1. Assess technology tools for basic compliance processes. Privacy teams need technology to support a wide range of critical activities, including data mapping and automating governance protocols. Managing data subject access requests (DSARs) and other privacy subject rights—which are key aspects of GDPR and CCPA—also requires technology platforms that can automate and help facilitate some of the most burdensome steps. It is important for privacy teams to be equipped with the resources and support they need to implement technology.
  2. Review privacy notices. Privacy disclosures to external parties about how the company collects, processes and shares data are an important foundation of any privacy program. Regulations may have unique guidelines for privacy notices, so the safest route is to ensure notices stand up to the strictest set of rules. It is also critical to ensure the practices are disclosed accurately and completely reflect actions throughout the organization and that the enterprise sticks to the activity disclosed. There have already been instances of GDPR violations involving gaps between what a company says it is doing in its privacy notices and what is actually happening in back-end processes.
  3. Maintain a detailed inventory. It is critical to map every system that generates or interacts with personally identifiable information or personal data (and in the case of the CMMC, controlled unclassified information) and understand the processes and data flows around those systems, including when it is shared with third parties. This is a key step in being able to respond to DSARs and documenting compliance in the event of a regulatory inquiry. Even for companies that are not currently subject to a privacy law that requires a data map, keeping one is important for informing the broader data landscape and enabling holistic governance.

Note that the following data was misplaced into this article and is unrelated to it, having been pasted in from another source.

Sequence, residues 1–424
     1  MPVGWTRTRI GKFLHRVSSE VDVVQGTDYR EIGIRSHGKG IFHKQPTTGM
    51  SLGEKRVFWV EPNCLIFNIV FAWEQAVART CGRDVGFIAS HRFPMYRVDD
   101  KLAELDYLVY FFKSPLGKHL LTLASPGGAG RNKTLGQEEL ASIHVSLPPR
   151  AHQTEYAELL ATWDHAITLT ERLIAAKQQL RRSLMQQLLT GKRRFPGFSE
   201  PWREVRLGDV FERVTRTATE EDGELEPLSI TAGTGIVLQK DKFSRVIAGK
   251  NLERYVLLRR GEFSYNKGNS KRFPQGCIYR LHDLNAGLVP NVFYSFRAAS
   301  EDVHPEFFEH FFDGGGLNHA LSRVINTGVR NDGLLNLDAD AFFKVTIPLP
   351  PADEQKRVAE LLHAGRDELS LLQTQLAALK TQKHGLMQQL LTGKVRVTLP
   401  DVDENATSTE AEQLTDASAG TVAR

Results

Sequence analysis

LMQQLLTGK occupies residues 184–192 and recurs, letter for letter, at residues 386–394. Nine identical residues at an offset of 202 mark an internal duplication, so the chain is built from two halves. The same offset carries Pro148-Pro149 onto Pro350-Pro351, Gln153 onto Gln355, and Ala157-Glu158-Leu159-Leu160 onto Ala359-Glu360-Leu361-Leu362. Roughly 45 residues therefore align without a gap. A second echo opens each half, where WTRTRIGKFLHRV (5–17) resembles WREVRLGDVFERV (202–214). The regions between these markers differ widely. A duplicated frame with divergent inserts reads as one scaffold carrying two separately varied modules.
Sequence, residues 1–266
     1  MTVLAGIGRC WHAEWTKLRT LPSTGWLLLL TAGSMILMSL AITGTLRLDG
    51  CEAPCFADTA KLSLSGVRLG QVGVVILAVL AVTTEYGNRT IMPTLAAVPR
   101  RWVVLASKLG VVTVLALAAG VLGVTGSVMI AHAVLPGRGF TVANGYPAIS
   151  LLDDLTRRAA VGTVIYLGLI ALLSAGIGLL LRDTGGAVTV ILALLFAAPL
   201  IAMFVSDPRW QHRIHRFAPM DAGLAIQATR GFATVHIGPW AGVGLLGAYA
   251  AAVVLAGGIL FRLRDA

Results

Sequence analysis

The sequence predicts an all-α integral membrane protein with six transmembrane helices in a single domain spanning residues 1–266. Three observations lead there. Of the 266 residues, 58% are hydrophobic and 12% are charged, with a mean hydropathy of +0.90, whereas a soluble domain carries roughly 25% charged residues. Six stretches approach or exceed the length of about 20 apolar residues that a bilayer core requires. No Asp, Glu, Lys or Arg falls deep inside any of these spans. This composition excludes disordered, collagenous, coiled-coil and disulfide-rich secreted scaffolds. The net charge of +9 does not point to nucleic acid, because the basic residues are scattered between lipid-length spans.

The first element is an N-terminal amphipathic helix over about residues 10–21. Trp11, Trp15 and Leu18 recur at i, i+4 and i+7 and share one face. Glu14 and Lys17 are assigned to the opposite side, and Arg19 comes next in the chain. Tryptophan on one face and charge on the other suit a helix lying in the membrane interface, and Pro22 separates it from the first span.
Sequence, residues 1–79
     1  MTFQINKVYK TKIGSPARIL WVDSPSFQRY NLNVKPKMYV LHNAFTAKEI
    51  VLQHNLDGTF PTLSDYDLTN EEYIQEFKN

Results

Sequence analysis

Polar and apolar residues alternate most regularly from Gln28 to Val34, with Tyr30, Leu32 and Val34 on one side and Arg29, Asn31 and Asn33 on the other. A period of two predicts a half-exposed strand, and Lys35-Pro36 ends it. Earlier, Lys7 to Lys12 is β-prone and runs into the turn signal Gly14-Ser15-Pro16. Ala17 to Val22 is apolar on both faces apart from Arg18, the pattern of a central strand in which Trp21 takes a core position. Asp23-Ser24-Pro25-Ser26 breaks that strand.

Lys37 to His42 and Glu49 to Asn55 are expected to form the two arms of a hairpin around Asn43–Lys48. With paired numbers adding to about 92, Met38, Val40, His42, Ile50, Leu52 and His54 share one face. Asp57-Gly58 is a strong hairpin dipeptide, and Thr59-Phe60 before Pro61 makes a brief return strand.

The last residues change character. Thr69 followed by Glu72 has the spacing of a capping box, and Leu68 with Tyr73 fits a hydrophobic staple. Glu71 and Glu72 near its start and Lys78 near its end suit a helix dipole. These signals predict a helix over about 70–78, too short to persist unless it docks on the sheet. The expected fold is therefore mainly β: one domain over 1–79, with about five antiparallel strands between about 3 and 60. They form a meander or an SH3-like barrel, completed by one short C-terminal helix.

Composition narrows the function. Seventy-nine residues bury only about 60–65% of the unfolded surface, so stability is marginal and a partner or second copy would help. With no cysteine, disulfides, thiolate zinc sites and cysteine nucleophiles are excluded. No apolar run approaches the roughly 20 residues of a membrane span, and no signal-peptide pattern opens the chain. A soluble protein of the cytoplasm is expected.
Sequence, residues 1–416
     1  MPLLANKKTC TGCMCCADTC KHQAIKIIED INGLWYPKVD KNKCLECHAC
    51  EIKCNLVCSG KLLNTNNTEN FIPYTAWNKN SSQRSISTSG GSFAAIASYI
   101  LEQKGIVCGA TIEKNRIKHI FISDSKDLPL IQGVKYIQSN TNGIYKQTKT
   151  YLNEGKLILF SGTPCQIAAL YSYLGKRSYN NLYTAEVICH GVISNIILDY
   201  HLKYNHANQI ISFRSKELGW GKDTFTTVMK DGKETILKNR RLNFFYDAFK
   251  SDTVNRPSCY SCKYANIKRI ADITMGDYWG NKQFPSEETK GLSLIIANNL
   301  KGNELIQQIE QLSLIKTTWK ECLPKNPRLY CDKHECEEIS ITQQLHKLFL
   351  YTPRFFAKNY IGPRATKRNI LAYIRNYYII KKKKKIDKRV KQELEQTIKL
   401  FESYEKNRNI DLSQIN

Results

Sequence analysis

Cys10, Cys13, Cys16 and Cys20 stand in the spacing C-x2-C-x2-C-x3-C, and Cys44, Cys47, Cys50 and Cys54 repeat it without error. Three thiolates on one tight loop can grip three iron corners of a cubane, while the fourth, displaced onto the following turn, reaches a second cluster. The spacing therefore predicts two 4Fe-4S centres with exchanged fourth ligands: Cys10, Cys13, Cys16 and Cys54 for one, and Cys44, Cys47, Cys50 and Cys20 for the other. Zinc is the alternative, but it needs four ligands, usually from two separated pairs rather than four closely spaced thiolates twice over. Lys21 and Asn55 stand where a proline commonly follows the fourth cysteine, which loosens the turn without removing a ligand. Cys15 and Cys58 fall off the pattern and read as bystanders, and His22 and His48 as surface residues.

4. Provide training specific to all, especially affected business units. The CCPA specifically calls for training employees that will be involved in responding to DSARs, and employees in business units that conduct activities that may be directly related to CCPA compliance, such as sales and marketing. Training may need to be refreshed or repeated when new regulations or amendments are added, but having a foundation in place will make it much easier to launch and execute new training and awareness programs and to do so within mandated deadlines. All of these efforts will support widespread awareness among employees, which is another important element in maintaining strong compliance practices.

With new privacy laws on the horizon, being proactive about the complex data privacy regulation landscape and getting a comprehensive program in place to follow the most stringent current rules will create a healthier and more efficient privacy program. As we have seen with organizations ramping up for GDPR, CCPA and other privacy laws, the time needed for operationalizing measures to meet the requirements depends on the maturity and sophistication of the existing privacy program. Staying ahead of the curve will help mitigate cost and risk; ensure timely preparedness and resource allocation; and reinforce trust with customers, partners and employees in the process.